Fitzgerald says reviews of 9,000 tax-exempt properties are coming
January 23, 2013 3:00 PM
Pam Panchak / Post-Gazette
Allegheny County Chief Executive Rich Fitzgerald
By Andrew McGill Pittsburgh Post-Gazette
Facing rising public pressure in a region dominated by tax-exempt giants, Allegheny County soon will require all nonprofits with property to prove they deserve their tax breaks.
At Tuesday's county council meeting, Executive Rich Fitzgerald announced plans to send letters to all 9,000 non-government tax-exempt properties in the county, demanding proof they're still in the business of doing good.
It's the county's first major effort to double-check property records that officials acknowledge are hopelessly out-of-date, with no way to know if a property bought years ago is still being used for charity.
"It's something we really need to work on," Mr. Fitzgerald said. "We want everybody to pay their fair share."
But hold your applause -- they're three years late.
Legislation passed by county council in 2007 -- when Mr. Fitzgerald was council president -- requires the Office of Property Assessment to review the credentials of nonprofits with tax-free land every three years. By all accounts, these letters should have been sent in 2010.
Why weren't they? Council member John DeFazio, D-Shaler, who sponsored the legislation six years ago, can only throw up his hands.
"We said it would be up to the administration to move on it," he said. "I'm not trying to pass the buck -- if you read it, that's the way it was written up."
Mr. Fitzgerald's plans are similar to the suggestions made earlier this month by county Controller Chelsa Wagner, who also suggested systematically running nonprofits through the state's five-part test to determine eligibility.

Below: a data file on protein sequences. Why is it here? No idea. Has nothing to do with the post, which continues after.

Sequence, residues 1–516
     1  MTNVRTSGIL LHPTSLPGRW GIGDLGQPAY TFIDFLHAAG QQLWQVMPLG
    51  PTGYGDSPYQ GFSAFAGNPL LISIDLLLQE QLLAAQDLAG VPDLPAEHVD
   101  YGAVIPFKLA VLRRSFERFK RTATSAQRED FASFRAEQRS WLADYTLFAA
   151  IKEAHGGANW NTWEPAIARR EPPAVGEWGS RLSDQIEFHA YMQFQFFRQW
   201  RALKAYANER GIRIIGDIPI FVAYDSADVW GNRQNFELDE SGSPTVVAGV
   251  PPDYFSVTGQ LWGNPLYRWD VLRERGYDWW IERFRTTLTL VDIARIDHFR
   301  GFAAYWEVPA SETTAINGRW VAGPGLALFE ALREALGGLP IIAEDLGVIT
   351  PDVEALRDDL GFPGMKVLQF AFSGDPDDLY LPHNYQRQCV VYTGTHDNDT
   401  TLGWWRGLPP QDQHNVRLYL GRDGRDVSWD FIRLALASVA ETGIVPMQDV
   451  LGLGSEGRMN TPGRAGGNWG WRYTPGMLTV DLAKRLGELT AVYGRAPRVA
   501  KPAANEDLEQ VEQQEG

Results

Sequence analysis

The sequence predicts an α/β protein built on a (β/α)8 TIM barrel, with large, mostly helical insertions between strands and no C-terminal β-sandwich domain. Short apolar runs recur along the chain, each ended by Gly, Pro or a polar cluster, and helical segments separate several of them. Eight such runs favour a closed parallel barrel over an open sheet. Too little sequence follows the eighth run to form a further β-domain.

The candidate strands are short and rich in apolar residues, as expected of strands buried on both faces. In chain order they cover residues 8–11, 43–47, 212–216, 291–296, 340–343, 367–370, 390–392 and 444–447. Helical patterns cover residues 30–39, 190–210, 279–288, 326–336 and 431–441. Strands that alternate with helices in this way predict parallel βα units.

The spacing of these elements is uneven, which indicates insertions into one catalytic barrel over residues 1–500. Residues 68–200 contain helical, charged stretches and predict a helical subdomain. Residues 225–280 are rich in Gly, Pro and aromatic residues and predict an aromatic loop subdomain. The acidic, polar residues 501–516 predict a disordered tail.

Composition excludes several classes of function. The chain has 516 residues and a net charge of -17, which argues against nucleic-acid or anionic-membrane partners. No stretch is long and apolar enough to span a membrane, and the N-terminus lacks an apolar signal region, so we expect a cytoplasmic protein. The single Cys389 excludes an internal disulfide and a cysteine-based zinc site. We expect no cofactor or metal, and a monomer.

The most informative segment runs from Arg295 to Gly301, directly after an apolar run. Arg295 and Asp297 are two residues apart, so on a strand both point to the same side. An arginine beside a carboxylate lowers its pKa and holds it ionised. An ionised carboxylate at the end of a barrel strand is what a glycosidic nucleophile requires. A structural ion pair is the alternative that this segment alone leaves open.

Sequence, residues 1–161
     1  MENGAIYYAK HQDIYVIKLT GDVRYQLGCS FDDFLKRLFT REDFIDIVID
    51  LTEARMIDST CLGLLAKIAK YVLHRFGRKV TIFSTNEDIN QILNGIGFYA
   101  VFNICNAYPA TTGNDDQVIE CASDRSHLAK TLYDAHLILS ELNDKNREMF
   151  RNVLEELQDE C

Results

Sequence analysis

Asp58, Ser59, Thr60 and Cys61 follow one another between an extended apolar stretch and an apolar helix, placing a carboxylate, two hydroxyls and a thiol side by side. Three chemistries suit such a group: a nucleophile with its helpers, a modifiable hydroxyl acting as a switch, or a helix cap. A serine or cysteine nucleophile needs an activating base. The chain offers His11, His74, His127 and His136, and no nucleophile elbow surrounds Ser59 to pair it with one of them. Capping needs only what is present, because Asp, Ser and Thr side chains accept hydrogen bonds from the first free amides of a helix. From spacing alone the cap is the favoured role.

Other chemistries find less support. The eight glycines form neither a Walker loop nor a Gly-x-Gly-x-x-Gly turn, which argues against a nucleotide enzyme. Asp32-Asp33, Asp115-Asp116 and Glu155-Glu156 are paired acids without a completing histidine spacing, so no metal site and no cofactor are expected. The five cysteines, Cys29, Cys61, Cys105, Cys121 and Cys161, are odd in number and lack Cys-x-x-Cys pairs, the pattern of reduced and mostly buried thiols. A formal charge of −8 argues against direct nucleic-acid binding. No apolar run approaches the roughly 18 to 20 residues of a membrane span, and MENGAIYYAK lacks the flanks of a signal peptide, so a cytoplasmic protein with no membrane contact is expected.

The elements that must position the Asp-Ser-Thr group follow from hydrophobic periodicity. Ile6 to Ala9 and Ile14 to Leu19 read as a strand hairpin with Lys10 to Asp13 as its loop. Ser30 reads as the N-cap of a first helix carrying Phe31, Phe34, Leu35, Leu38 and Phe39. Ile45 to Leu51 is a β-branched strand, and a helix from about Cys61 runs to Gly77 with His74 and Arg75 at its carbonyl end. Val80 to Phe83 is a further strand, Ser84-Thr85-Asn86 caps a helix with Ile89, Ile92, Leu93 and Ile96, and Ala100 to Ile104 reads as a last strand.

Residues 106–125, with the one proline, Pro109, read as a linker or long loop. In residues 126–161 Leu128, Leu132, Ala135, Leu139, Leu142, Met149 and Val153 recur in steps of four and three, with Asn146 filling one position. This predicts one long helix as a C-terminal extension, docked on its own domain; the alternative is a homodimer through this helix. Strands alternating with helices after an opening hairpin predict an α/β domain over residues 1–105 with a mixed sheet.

In a statement released after Mr. Fitzgerald's address, Ms. Wagner took the executive's proposal a step further, saying the reviews should be yearly.
"Just as every property owner is asked to pay property taxes annually, these organizations should be asked and able to prove why they deserve the privilege to not pay taxes annually," she wrote.
Never has the focus on nonprofits been tighter, stoked by contentious property reassessments that made the advantages enjoyed by tax-exempt agencies all the more clear.
While council members took pains to make clear they're not singling anyone out, the elephant in the room is UPMC, Allegheny County's largest nonprofit and a frequent target for critics who say the charity acts more like a Fortune 500 company.
Last week, protesters rallied outside the City-County Building, Downtown, against UPMC, saying the hospital chain barely resembles the charity it claims to be. Their statements drew support from both city and county officials, who have also raised questions about taxes owed by major nonprofits.
Last year, Mr. Fitzgerald said he'd consider asking nonprofits like UPMC to make payments in lieu of property taxes, a common arrangement in communities with large tax-exempt agencies. So far, nothing has come of it.
The task ahead of Mr. Fitzgerald's staff will not be easy. Auditors will have to contend with a huge backlog of data to sort through, thousands of responses to parse -- and more than a few nonprofits who might not appreciate hearing they're no long eligible for tax breaks.
"They picked up the ball ... and they're going to get it done," Mr. DeFazio said. "But it's a mammoth job."
Mr. Fitzgerald also formally submitted a request to allow natural gas drilling on 9,000 acres of Pittsburgh International Airport land, a necessary step in his plan to fuel economic development in the area through the Marcellus Shale.
Upticking his expectations again, the executive said Tuesday afternoon he believes the Allegheny County Airport Authority will reap up to $45 million in a lump sum payment through a deal with Consol Energy, which submitted the winning bid. With annual royalties and other fees added in, he hopes to see a total of $250 million come to the authority over the next few decades.
Although the deal is still under negotiation, Mr. Fitzgerald he's expecting to see six to eight well pads, most outside the fence line of the airport. Per FAA regulations, gas proceeds could only be used for the airport, perhaps lowering landing fees or laying down infrastructure for surrounding development.
Before voting, county council will hold a public hearing on the matter at 6 p.m. Feb. 7 at Robert Morris University's Sewall Center International Suite, 199 Campus Drive, Moon.